But how much slack can you cut before you start undermining assumptions which underpin the way the British Army itself is run? Experienced soldiers elsewhere in the army would regard sloppiness in equipment transport and ownership of illegally held guns and ammo as amongst the worst kind of indiscipline there is. Moreover, the failure of command and control on such a straightforward exercise last weekend is more evidence that something’s awry in the SAS command structure and culture.
In many ways, the SAS is dominated by the Sergeants’ Mess. They’re some of the best soldiers in the world and the careers of non-commissioned officers can revolve around SAS postings rather than around their own regiments or corps. The experience in depth of doing the kind of things SAS soldiers do exists primarily amongst those already good enough to enter the SAS but who then rise to become Sergeants after many fighting deployments.
Officers’ careers are different. As a Captain, they’ll spend a tour as an SAS officer then go on with their careers elsewhere in the army, or leave. A small number of the former will return to command a squadron later in their careers, and a tiny number of those return to command the regiment.
The role of SAS officers is of course to command on very tough operations, but as they become more senior they’re by definition more removed from doing the combat stuff their men do on a daily basis. That’s different from company and battalion commanders in mainstream units, where relatively senior officers will be in the front trench whenever that’s needed, and will also be intimately involved in moving their troops around the field of engagement in the thick of battle.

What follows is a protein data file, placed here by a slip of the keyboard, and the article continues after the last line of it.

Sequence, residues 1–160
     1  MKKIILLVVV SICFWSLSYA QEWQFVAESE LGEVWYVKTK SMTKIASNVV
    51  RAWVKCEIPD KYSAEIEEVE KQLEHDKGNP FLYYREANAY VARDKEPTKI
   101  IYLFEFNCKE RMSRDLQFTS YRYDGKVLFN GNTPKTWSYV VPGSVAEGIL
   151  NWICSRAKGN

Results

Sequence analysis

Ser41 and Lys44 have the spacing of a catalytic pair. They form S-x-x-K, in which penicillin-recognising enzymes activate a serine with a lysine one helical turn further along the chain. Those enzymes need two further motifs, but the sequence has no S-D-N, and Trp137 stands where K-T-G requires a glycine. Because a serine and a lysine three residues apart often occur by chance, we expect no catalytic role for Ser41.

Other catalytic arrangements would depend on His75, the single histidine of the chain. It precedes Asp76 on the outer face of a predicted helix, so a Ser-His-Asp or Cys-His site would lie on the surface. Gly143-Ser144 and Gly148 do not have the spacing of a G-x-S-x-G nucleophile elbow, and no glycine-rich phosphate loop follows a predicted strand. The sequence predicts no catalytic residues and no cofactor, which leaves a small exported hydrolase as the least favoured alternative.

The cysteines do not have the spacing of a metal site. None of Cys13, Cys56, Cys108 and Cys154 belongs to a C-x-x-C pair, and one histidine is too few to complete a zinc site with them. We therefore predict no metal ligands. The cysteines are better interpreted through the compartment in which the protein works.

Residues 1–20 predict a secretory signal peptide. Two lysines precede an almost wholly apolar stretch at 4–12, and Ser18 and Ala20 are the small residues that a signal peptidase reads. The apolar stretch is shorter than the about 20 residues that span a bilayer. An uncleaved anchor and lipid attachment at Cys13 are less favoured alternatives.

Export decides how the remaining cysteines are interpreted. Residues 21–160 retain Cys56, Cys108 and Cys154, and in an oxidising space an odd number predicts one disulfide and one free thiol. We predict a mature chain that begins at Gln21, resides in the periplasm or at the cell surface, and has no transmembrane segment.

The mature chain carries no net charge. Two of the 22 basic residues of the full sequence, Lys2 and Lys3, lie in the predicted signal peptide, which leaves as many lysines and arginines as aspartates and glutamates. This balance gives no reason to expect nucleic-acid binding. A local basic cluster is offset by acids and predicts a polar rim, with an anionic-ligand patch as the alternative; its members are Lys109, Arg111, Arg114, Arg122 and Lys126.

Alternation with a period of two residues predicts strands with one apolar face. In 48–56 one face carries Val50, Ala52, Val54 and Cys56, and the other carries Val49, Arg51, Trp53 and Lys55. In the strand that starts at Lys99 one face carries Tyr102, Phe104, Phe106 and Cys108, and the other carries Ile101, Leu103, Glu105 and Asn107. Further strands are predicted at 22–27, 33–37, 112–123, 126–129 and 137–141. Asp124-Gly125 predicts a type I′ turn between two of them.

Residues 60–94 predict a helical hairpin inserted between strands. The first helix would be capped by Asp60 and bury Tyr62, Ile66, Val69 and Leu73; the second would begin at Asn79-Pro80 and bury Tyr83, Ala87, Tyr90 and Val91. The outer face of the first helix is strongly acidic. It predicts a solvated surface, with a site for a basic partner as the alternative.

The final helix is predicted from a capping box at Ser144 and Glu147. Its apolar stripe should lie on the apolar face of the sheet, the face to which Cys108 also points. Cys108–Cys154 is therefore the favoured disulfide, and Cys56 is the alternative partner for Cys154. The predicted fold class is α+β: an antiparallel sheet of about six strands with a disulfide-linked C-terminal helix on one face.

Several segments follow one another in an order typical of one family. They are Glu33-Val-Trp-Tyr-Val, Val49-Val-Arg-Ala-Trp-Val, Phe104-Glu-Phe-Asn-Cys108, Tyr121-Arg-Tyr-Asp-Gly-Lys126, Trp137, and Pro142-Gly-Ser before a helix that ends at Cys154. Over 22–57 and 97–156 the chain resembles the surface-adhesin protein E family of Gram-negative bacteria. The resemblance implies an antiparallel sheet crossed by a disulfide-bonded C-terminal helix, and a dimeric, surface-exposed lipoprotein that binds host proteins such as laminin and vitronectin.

It seems to me that while all army officers are responsible for the maintenance good discipline, morale and culture of their unit, in the SAS these things take on a different kind of significance. It’s one thing for a new young officer to be taken under the wing of his or her experienced Sergeant while s/he gains experience; it’s quite another for the Sergeants’ Mess to acquire the power over discipline and culture that should reside in the Officers’ Mess. Taken to extremes, the risk of the latter would be that the command structure could become inverted – officers ‘popping in for a piss and out again’ with everyone knowing who the real bosses are.
I don’t think things will quite have reached that pass in today’s SAS. But something’s not right, and it seems clear that senior army officers have become aware and are no doubt beginning to pull things back into line. They’re the best judges of how that should be done, but here’s one final thought.
SAS Sergeants, many of whom could have made excellent young officers themselves, do not get a stunningly good deal. They get double-pay while they’re still with the SAS, but when they’re done, they’re done. It’s true that some move into successful, well-paid employment in private security, but an awful lot don’t. Violent combat experience will have made many aggressive and strong-headed, aware of their own elite status and difficult to control when quite a separate set of characteristics are required in, say, bodyguarding, or in sensitive business-related contexts. Britain’s private security companies are amongst the best and most responsible in the world; discipline standards are high and there’s a deep pool of potential recruits. Moreover, the power of the Sergeants’ Mess extends to recommendations for future employment in the private sector. That’s a meaningful power, all right.
SAS soldiers are a bit like Olympic athletes in a minor sport; amongst the best in the world but facing an uncertain future. But while athletes can ‘de-pressurise’ their bodies over time, discarded elite soldiers who have seen extreme violence find it hard to de-pressurise their brains in a pacific society which long ago forgot how to treat a ‘returning’ soldier class.
Army chiefs can’t fix all of that, anymore than school heads can fix child poverty, but they’ll be aware that some serious thinking needs to be done about the implicit assumptions around which the present day SAS operates.